asked me a hundred questions in a simple language. I had to answer, and, of course, took great pleasure in making up my sentences and tried to use as many "high" words as possible. We chatted for half an hour, until finally he opened his portfolio and poured out a number of beautiful samples of different books. He was a book Agent. The benefit of my conversation with a real American was invaluable for me, because, strange as it might seem - it is a deplorable fact, that, while living in a typical American city in the heart of the United States, I never yet had a chance to meet and converse with an American except in school, where conversation is given little time. The book agent praised my English so much and encouraged me to such an extent that I decided on the execution of a very adventuresome plan. Without consulting Mrs. Hyman and even Hyman himself - who claims to be an expert on American affairs - I left the house and ,went to the biggest high school in town. On the way I considered every possible result of my enterprise. "'There is no real danger," said I to myself, "if 1'11 not be accepted. Then, in the worst case, I might be driven out, but I'll not be arrested." Repeating again and again the last phrase I gained more and more boldness. But when I approached the large, majestic school building my heart sank within me and my firmness began to melt away so rapidly that when 1 was close to the door I became frightened and retreated quickly. Several times I repeated the same assault, but with the same result. I did not have the power to open the door. Fortunately a man came out from the building and I confronted him in such a way that I had to enter. Once inside I went to the office and said "principal" to the clerk, meaning that I want to speak to the principal. I had composed the opening sentence of the conversation "I want to learn" - but was still in doubt what word to use in it, "want" or "wish," thinking that the former is too harsh and commanding. I was shown into the private room of the principal. To my great surprise there was no lackey with shining copper buttons on the coat waiting at the door. In vain I looked around the room for a red-faced, angry looking, fat, uniformed principal. Instead I met the kind, inviting look of a neatly dressed, elderly gentleman sitting at the desk. He asked me what he can do for me. I told him that I wished to learn and, of course, pronounced it with such an accent that he at once understood what kind of student specimen he faced. He motioned me to sit down, but I was so bewildered that I could not think of sitting in the principal's office. He asked me many a question and, in order to convince himself in the truth of my statement, he wrote down an algebraic formula and asked me to solve it. I did it immediately, but pronounced "X2" eeks kvadrrar (the first and second readers here contain very little algebra). I was accepted as a pupil in high school, and while waiting for my card 1 overheard the principal repeating kvadr-r-r-at to one of the teachers and they both had a good laugh over it.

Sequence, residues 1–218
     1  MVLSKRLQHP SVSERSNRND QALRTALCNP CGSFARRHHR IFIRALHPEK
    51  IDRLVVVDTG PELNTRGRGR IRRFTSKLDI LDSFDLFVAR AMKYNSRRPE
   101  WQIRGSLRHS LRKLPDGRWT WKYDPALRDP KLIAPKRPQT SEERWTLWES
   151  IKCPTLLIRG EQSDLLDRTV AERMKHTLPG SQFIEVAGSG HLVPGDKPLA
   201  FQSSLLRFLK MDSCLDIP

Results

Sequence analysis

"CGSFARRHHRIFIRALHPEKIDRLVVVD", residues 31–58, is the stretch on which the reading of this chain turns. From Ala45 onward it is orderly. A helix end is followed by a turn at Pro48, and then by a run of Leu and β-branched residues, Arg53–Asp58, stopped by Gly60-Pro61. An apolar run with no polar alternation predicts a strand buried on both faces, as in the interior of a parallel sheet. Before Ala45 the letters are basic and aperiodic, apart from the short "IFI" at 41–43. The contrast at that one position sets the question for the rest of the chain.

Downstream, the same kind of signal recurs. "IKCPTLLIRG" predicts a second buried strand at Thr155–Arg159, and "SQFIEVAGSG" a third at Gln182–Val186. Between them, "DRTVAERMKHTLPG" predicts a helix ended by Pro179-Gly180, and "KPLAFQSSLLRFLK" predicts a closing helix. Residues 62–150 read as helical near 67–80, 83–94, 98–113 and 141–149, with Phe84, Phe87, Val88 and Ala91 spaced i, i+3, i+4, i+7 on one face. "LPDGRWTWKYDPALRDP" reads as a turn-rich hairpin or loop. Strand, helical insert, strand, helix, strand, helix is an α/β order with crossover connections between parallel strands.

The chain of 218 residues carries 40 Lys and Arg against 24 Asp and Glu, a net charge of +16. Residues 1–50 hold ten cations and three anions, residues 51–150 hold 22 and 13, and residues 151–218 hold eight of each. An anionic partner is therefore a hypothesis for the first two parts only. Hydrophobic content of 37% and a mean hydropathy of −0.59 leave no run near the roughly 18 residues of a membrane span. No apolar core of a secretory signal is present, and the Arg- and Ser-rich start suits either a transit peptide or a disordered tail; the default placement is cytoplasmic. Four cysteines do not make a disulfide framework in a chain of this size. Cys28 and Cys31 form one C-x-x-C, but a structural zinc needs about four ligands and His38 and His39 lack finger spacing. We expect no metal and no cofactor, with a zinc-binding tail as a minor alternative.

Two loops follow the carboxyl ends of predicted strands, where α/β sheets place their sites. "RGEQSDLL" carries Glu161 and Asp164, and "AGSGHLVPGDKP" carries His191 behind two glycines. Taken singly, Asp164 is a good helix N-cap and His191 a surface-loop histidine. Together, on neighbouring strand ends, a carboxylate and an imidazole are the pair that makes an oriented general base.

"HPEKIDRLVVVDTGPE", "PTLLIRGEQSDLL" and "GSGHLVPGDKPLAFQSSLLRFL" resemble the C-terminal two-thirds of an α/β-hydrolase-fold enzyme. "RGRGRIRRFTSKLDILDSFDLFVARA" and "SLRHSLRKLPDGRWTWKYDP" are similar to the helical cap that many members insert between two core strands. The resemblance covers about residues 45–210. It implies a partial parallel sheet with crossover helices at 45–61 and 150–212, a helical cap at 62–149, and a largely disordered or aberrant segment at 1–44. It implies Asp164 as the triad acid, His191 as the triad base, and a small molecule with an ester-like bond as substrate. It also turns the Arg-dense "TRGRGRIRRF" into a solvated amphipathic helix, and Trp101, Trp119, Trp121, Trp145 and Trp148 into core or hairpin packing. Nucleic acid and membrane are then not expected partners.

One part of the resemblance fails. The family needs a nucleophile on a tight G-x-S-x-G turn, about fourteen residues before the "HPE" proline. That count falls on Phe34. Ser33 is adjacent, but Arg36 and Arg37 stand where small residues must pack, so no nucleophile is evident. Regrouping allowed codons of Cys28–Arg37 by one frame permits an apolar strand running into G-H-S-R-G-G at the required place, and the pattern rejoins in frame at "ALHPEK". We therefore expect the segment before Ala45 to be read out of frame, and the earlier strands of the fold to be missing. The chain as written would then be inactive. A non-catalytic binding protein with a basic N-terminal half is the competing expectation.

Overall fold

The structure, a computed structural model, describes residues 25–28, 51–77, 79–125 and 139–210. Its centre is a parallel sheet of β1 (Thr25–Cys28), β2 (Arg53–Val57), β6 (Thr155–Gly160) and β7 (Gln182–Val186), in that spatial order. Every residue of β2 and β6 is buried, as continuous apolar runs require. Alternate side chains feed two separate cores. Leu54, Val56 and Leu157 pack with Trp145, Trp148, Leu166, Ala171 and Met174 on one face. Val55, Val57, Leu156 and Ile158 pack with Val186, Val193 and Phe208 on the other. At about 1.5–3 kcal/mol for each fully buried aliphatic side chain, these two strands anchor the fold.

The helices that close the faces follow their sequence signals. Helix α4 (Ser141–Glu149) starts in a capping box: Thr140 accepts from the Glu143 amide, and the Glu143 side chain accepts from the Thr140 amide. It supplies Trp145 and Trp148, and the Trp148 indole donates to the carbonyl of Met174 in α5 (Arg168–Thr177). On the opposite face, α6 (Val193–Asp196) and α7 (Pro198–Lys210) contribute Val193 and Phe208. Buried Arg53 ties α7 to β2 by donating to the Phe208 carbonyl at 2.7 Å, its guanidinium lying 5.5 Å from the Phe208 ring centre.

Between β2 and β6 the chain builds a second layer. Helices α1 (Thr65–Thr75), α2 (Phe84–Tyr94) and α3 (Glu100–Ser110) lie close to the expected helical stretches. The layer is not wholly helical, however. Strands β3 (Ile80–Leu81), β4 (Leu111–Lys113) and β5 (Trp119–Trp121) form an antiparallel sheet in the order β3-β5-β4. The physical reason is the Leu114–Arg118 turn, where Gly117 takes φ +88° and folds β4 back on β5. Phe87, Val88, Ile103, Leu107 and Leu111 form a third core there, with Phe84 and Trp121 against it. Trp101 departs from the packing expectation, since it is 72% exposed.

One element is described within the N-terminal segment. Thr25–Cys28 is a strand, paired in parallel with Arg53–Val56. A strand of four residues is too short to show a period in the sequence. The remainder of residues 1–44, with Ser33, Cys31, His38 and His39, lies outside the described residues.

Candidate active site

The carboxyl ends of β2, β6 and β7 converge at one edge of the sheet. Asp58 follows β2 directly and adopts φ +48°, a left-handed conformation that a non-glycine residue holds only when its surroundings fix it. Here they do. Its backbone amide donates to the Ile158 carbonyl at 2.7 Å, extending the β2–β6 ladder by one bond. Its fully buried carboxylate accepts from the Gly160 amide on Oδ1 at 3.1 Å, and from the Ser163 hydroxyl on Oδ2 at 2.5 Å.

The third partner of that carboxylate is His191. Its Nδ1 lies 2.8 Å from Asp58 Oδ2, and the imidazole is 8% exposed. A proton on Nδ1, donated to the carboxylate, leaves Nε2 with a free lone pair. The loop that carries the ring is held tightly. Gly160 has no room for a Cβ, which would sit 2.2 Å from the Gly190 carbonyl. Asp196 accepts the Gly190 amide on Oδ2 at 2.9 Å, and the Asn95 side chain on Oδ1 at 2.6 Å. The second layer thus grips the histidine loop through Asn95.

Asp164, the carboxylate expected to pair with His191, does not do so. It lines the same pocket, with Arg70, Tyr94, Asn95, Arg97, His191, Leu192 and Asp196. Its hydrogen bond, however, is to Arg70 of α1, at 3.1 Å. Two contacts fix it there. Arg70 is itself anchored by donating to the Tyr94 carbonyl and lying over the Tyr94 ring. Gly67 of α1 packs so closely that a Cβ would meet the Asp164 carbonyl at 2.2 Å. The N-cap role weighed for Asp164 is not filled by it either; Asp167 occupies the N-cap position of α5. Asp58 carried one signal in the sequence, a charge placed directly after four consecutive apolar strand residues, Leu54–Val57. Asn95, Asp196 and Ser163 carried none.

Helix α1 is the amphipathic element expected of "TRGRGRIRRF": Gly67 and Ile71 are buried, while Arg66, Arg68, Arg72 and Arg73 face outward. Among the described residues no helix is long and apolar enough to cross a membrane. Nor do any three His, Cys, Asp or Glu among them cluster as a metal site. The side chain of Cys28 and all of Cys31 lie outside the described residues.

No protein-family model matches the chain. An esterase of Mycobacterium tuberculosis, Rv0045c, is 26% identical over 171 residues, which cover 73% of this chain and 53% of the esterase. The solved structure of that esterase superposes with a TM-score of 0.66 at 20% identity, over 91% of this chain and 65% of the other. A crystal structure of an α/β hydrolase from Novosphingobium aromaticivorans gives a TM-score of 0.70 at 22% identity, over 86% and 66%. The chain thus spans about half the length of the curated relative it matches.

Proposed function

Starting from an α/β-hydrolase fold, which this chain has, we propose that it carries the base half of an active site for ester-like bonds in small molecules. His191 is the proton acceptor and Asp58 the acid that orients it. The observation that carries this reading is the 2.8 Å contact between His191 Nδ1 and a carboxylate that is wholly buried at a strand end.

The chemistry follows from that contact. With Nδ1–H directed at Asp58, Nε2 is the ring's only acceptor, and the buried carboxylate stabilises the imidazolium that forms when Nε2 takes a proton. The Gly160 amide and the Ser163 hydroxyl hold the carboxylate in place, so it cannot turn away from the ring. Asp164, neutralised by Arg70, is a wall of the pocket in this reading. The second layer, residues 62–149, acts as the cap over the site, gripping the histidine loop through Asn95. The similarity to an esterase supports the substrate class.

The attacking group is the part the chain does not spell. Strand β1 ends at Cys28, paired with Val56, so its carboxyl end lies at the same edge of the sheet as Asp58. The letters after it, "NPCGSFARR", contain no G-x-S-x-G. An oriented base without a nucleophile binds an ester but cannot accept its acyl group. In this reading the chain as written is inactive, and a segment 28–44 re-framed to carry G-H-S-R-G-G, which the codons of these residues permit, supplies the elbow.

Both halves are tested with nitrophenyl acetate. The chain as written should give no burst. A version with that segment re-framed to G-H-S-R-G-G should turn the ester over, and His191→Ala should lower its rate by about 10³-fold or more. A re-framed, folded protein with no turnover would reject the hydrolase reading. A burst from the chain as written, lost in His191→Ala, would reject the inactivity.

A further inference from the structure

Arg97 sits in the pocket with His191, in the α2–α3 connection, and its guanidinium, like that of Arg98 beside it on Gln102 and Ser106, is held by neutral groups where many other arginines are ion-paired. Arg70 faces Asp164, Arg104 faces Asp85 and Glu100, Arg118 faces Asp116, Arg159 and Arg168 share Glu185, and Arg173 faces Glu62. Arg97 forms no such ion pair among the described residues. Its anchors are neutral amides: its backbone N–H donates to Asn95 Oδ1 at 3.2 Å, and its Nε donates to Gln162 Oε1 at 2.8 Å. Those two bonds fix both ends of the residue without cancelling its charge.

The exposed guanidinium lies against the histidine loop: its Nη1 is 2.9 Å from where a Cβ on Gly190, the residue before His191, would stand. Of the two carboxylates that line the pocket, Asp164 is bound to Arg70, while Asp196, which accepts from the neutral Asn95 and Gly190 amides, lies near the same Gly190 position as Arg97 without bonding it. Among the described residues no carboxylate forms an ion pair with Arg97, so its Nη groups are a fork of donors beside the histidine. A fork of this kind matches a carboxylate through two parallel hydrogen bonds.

It is very hard for me to get the correct American pronunciation of the letter "r" - and unfortunately this same letter is found in the most common word "all right," which very often causes me much inconvenience. The other day I was riding on one of the street cars and happened to stand on the rear platform. The conductor at one of the stops was collecting fares inside of the car and cried out to me the usual question, "All right?" I answered with such a shrilling "r" that it attracted much attention and resulted in a very sneering countenance of the conductor. Since then I try to patronize the pay-as-you-enter cars. The inability to speak English embarrasses me greatly. I went yesterday to hear a famous sociological lecturer, and to my dissatisfaction I had on my left side one of those fellows who like to talk with everybody about socialism, anarchism, feminism and many other "isms." He soon turned towards me and made several remarks, which I did not understand. I had to say something, but knew not what and how, so 1 fixed my look at the ground and hoped that it might cleave asunder and swallow me as it did [the biblical] Korah and his followers in the desert. The lecturer spoke loud and clearly and I understood most of his talk. The big hall was packed, but I was really amazed to discover while studying the faces of the audience that there were very few youngs boys and girls present. The younger generation in this great democratic republic is very little interested in social and humanitarian problems. It is a sad disappointment to the foreigner when he expects to find in the hearts of the present Americans the spirit of Franklin, Jefferson and Lincoln. Most of them look with contempt at the foreigner and sometimes very foolishly play tricks on him just because he happened not to know the English language. When I go out into the street I find on the corners bunches of boys and girls, some of whom are high school and college students, who act very impudently. For hours they flock around the drug stores and jeer and mock at everybody. They never talk about anything else but sport and sporting seems to be the main thing in the life of this nation. There is a game here called baseball, and everybody is talking about it everywhere. If a baseball player should chance to bruise his fingers all the newspapers would devote columns to it and some would even print extra editions and issue special bulletins hourly. But if a man like [the British naturalist Alfred Russel] Wallace, perhaps the greatest thinker on earth, dies the same newspapers will occupy ten or twelve lines on one of its back pages. Of course, the daily paper here is a pure business establishment and delivers to the public the goods it demands. Perhaps there is nothing so well characteristic of the American spirit as its newspapers. I believe it to be the greatest of the seven wonders of the world. The latest printing machines turn out more than one hundred thousand sixteen-page copies cut and folded. The price of the newspaper is one-fifth of the price at home - it is only one penny, and it is four or five times as voluminous as ours. But the Sunday paper beats them all in volume, in variety of material and in splendid arrangement.